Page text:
Letter 074, pg. 3
take the trouble to read the first and only ad for the book you’re stacking [sic] your reputation on! When you read it, you saw that I was right to worry. Don’t talk to me about my book “not depending on one line in an ad.” It doesn’t. It doesn’t depend on any one of the other things which Bobbs-Merrill haven’t done. But what, in Christ’s name, does it depend on? My wonderful genius? Is that what you expect to sell books for you? Do you believe that publishers succeed or fail on mere luck—the luck of getting or not getting good books? Do you believe that it’s the books that do it? Then what are publishers for? What is it that good publishers do for their authors? Just set up the print? Take the credit if the book succeeds and blame the author if it doesn’t?
I don’t mind the fact that your advertising appropriation is limited. But precisely when an appropriation is limited one must weigh the tone and nature and every word of an ad most carefully, to get the utmost good out of it. The horrible crap you read to me over the phone wouldn’t sell a book to a half-wit. It is not intellectual appeal, it is not commercial appeal, it is not even good blurb-writing. It is just simply dull and meaningless. It says nothing. It’s just wasted space, wasted words, wasted money.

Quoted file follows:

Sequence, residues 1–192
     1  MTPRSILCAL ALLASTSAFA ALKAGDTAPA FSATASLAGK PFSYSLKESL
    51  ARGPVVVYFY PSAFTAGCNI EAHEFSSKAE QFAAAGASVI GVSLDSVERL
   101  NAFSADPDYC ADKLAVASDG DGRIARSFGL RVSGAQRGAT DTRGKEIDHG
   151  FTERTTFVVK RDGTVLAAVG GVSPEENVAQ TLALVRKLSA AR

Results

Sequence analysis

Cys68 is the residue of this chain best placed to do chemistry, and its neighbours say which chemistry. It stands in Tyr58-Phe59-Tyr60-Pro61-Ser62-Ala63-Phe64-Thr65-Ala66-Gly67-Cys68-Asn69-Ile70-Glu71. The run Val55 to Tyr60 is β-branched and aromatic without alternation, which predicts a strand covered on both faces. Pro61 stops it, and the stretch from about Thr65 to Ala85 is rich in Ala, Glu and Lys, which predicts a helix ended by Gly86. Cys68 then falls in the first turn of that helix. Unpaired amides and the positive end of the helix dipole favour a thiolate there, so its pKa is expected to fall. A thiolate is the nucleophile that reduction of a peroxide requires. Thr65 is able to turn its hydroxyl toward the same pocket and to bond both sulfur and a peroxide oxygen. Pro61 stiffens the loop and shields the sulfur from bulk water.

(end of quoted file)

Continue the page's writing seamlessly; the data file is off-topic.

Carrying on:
Don’t talk to me about people who must be good because they make their living in advertising. There are incompetents and fools making a living for a while in any profession. The fact of holding a given job at a given time does not prove that one is good at it. Judge by the product and the results. Successful publishers don’t employ advertising copy writers who put out stuff like that. It’s not only the over-emphasis on architecture, it’s not only such dreadful words as “Fakers and Prophets”—which certainly wouldn’t arouse anyone’s interest—it’s the fact that the main idea has not even been hinted at, that your one good line about the ego has been dropped, that nothing in the whole god-damn mess gives any indication of the book’s theme, importance or seriousness.
To make things nicer, all you have to show the public so far is one ghastly kind of review. And your ad will merely support it. Your ad will tell the public, in effect: “Yes, that’s right, this is just a pretty novel about architecture.” It couldn’t have been planned better if it had been done on purpose. There’s the good start you’ve given the book. If the book goes, it will have this handicap to overcome. You’ve begun by placing an obstacle in its way. Now you have a period of ten days (until whatever reviews we get on the 16th) during which the book will be dead. At the end of the ten days, Mr. Chambers will decide that it’s not worth advertising, because it is not selling.
This could have been prevented if you had taken the time to look at that ad. You didn’t. The advertising agency, the publicity department, the sales department are all sensitive people whose feelings must not be hurt by outside curiosity or advice. An advance inquiry would be rude interference. Only an author is the kind of person who must listen politely to everyone and anyone, never get offended, accept every suggestion and consider every criticism made by copy readers and writers of popular novels of the light fiction type. I suppose that’s because an author deals in such dry, routine stuff as creative writing which does not make a person emotional or sensitive. Archie, if this